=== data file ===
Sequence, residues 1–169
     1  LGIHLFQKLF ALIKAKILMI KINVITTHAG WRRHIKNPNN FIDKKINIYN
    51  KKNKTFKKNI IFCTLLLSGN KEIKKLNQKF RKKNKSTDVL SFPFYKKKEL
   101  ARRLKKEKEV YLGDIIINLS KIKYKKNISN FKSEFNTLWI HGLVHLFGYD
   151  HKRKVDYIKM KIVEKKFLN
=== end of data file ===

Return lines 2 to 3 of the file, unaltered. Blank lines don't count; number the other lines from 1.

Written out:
     1  LGIHLFQKLF ALIKAKILMI KINVITTHAG WRRHIKNPNN FIDKKINIYN
    51  KKNKTFKKNI IFCTLLLSGN KEIKKLNQKF RKKNKSTDVL SFPFYKKKEL